Firstly, if anyone's interested, Ian Wishart did not quote me out of context in chapter 17, and he references the full conversation in a footnote. I am not unhappy with how I was portrayed. Ian did not "pull a Marx" on me. And so he shouldn't, but for some reason I feel grateful.

Chapter One: The Quest for Fire

This chapter can be summed up as follows.

1. What do we know? Maybe there was an Atlantis. Oooh! Therefore, no one knows what they're talking about. Therefore, Dawkins and Geering and others don't know what they're talking about. Keep reading! Cos Ian knows what he's talking about.

2. Lots of people believe in God. Not just stupid Americans. New Zealanders do too! And fewer people believe in ghosts and reincarnation and astrology, which are apparently New Age, despite all being pretty goddam old. So lots of people believe in the supernatural. YOU JUST THINK ABOUT THAT. Also, Fox News!

3. Some people say we evolved to believe in God. Ha! How did single-celled organisms know that believing in God would be useful? They couldn't, therefore theism cannot be an evolved trait.

Ian's pulled out this bizarre primary-school misunderstanding of evolution before, and I'm quite certain he understands it better than that. But I'll clarify. Evolutionary theory does not suggest that traits are intentionally evolved. That is, if anything, Lamarckism, or perhaps a New Agey kind of guided-evolution thing. Traits arise randomly, and if they are useful or not an impediment, they survive. The simple rule of evolution is this: What tends to survive, tends to survive.

There are ideas that the tendency for theism is an evolved trait. They tend to go along the lines of assignment of agency to unexplained phenomena. If animals evolve a trait to assume the rustling in the trees behind them is caused by a conscious agent rather than the environment, they are at an advantage. If it is a predator, they are better off running. If it is prey, they are better off hunting. If it is neither, and is simply the wind, they don't lose much by looking a bit silly assuming agency. Darwin actually cited an example of this - his dog barking at something blowing in the wind.

So it's possible that the assumption of agency is an evolved trait. That would go some way to explaining the widespread belief in the supernatural with regards to natural phenomena. Animism, believing in spirits for each tree and river, is an example. Lightning as thrown by a god, etc. But really, such beliefs can be explained by sociological and psychological theories no less believable than a genetic-tendency theory.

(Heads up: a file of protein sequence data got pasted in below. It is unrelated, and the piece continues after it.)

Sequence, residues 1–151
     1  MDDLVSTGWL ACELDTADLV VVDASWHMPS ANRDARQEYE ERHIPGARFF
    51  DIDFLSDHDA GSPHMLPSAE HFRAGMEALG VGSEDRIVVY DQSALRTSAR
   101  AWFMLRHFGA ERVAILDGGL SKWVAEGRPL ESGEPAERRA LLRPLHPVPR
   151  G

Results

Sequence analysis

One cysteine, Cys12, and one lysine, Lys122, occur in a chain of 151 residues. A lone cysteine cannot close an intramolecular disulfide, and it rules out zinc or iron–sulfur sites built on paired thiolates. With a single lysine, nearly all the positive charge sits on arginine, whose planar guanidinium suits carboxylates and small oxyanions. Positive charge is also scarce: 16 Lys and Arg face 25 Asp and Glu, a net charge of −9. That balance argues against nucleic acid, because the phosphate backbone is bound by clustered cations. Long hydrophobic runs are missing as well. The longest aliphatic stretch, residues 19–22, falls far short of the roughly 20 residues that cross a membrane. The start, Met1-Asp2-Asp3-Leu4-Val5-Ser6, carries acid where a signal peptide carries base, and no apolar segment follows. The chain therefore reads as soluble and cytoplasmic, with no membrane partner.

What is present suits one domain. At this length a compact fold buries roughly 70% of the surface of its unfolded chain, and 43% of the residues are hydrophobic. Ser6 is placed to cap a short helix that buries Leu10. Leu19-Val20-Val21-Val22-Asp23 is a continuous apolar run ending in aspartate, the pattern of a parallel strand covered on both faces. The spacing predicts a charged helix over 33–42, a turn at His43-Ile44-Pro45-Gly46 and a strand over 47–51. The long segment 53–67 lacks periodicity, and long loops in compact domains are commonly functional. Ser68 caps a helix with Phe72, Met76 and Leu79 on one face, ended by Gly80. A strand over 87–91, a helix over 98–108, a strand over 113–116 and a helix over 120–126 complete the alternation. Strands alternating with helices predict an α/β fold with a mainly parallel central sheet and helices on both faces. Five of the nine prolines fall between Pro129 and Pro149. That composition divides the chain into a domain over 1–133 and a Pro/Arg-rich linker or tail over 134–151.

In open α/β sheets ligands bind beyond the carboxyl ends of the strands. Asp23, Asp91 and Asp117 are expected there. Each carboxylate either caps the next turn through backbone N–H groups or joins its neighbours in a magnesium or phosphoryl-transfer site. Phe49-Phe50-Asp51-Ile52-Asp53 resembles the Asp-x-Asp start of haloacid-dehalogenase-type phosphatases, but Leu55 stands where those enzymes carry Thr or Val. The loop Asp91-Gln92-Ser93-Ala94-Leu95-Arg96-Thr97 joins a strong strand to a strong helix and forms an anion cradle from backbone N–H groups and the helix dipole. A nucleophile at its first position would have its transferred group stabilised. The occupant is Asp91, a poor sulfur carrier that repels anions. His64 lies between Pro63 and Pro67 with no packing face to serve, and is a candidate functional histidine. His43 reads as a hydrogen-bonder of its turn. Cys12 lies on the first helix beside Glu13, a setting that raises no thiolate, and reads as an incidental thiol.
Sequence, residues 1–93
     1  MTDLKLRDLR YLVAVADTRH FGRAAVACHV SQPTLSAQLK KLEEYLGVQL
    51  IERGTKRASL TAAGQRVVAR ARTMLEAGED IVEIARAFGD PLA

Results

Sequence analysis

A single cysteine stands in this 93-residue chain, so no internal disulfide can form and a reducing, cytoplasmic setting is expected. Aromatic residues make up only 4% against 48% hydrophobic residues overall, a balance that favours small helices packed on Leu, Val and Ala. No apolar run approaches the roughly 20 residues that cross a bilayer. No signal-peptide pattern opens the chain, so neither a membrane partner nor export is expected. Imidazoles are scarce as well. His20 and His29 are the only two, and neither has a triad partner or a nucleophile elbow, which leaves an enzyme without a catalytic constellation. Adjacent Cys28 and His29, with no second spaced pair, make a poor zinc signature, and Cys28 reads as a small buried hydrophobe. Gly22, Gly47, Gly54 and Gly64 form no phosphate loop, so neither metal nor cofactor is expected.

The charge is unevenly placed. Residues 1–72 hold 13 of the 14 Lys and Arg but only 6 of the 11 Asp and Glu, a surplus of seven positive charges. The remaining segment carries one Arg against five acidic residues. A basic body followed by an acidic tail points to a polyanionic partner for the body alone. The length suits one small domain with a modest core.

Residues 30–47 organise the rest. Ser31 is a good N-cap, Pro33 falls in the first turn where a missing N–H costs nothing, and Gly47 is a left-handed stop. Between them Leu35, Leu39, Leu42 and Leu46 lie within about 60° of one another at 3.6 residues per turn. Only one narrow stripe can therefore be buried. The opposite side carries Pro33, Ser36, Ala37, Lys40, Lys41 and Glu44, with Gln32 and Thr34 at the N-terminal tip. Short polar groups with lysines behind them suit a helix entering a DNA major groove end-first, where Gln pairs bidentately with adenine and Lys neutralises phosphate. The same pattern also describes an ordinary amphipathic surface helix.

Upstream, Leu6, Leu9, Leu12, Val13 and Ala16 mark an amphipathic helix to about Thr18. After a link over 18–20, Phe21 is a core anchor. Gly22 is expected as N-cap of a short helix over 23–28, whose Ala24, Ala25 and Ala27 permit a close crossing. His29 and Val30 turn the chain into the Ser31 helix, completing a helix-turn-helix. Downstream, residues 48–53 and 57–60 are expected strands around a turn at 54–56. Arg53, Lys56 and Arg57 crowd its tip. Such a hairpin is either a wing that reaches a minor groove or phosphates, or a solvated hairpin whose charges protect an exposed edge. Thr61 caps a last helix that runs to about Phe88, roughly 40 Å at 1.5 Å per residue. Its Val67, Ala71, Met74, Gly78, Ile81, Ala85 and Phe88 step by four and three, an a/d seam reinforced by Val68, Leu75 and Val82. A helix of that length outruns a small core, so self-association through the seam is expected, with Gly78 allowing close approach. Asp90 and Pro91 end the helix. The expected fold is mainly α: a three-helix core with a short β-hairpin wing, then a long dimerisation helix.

In fact, the idea that we have a genetic tendency to assume agency doesn't really deserve the title "theory", because it's just an idea. It's not as ridiculous as Ian makes it out to be, but it's not the cornerstone of many people's attitude towards theism either. It's certainly the kind of thing that would be evolutionarily advantageous, and nothing in the behaviour of animals or humans contradicts the hypothesis, but it's not a testable theory, unless some odd fellow went about trying to isolate a gene responsible for it, which would be an absurdly difficult and basically pointless venture.

It's worth noting that "an evolved tendency to assume agency when faced with unexplained phenomena" is a bit more of a complex idea than "the idea that evolution created the idea of God in our heads", which is the way Ian phrased it. It's a little like describing gravity as "the idea that chunks of stuff are in love with each other, but like each other less when they're further away". It's easy to dismiss ideas out of hand when you frame them in ways that make even a cursory analysis seem like a waste of time.

But then, that's just the introductory chapter, and frankly, it's already much better than Eve's Bite, which was more of a paranoid diatribe about Capitalised Nouns that are out to get you because everyone's out to get Christians, which just goes to show how right they are. Eve's Bite dealt with values, however misrepresented and caricatured, and that makes it a tricky topic to cover without resorting to, "What are you, insane?" The Divinity Code deals with actual concrete arguments, and that is refreshing as all hell. Gives a fellow some traction.

Anyway, next, chapter two.